14 research outputs found

    Quantifying the effect of uncertainty in input parameters in a simplified bidomain model of partial thickness ischaemia

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    Reduced blood flow in the coronary arteries can lead to damaged heart tissue (myocardial ischaemia). Although one method for detecting myocardial ischaemia involves changes in the ST segment of the electrocardiogram, the relationship between these changes and subendocardial ischaemia is not fully understood. In this study, we modelled ST-segment epicardial potentials in a slab model of cardiac ventricular tissue, with a central ischaemic region, using the bidomain model, which considers conduction longitudinal, transverse and normal to the cardiac fibres. We systematically quantified the effect of uncertainty on the input parameters, fibre rotation angle, ischaemic depth, blood conductivity and six bidomain conductivities, on outputs that characterise the epicardial potential distribution. We found that three typical types of epicardial potential distributions (one minimum over the central ischaemic region, a tripole of minima, and two minima flanking a central maximum) could all occur for a wide range of ischaemic depths. In addition, the positions of the minima were affected by both the fibre rotation angle and the ischaemic depth, but not by changes in the conductivity values. We also showed that the magnitude of ST depression is affected only by changes in the longitudinal and normal conductivities, but not by the transverse conductivities

    Uncertainty and variability in models of the cardiac action potential: Can we build trustworthy models?

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    Cardiac electrophysiology models have been developed for over 50 years, and now include detailed descriptions of individual ion currents and sub-cellular calcium handling. It is commonly accepted that there are many uncertainties in these systems, with quantities such as ion channel kinetics or expression levels being difficult to measure or variable between samples. Until recently, the original approach of describing model parameters using single values has been retained, and consequently the majority of mathematical models in use today provide point predictions, with no associated uncertainty. In recent years, statistical techniques have been developed and applied in many scientific areas to capture uncertainties in the quantities that determine model behaviour, and to provide a distribution of predictions which accounts for this uncertainty. In this paper we discuss this concept, which is termed uncertainty quantification, and consider how it might be applied to cardiac electrophysiology models. We present two case studies in which probability distributions, instead of individual numbers, are inferred from data to describe quantities such as maximal current densities. Then we show how these probabilistic representations of model parameters enable probabilities to be placed on predicted behaviours. We demonstrate how changes in these probability distributions across data sets offer insight into which currents cause beat-to-beat variability in canine APs. We conclude with a discussion of the challenges that this approach entails, and how it provides opportunities to improve our understanding of electrophysiology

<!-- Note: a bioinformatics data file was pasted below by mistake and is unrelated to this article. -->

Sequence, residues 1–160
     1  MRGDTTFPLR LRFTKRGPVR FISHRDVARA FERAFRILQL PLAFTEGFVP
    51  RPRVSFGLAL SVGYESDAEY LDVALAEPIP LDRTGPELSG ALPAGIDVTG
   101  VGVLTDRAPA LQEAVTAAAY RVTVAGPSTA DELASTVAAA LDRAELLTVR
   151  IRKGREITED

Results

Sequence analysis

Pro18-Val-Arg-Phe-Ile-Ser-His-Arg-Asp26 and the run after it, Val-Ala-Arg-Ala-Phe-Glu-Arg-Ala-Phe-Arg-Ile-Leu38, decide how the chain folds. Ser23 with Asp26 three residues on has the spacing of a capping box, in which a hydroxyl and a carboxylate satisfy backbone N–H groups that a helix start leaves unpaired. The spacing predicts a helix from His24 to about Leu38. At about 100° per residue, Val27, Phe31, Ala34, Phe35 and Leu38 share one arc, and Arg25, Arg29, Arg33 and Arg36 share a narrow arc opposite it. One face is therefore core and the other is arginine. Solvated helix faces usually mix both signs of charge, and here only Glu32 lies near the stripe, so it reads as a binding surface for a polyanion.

Sensitivity Analysis of Ventricular Activation and Electrocardiogram in Tailored Models of Heart-Failure Patients

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    Cardiac resynchronization therapy is not effective in a variable proportion of heart failure patients. An accurate knowledge of each patient's electroanatomical features could be helpful to determine the most appropriate treatment. The goal of this study was to analyze and quantify the sensitivity of left ventricular (LV) activation and the electrocardiogram (ECG) to changes in 39 parameters used to tune realistic anatomical-electrophysiological models of the heart. Electrical activity in the ventricles was simulated using a reaction-diffusion equation. To simulate cellular electrophysiology, the Ten Tusscher-Panfilov 2006 model was used. Intracardiac electrograms and 12-lead ECGs were computed by solving the bidomain equation. Parameters showing the highest sensitivity values were similar in the six patients studied. QRS complex and LV activation times were modulated by the sodium current, the cell surface-to-volume ratio in the LV, and tissue conductivities. The T-wavewas modulated by the calcium and rectifier-potassium currents, and the cell surface-to-volume ratio in both ventricles. We conclude that homogeneous changes in ionic currents entail similar effects in all ECG leads, whereas the effects of changes in tissue properties show larger inter-lead variability. The effects of parameter variations are highly consistent between patients and most of the model tuning could be performed with only ~10 parameters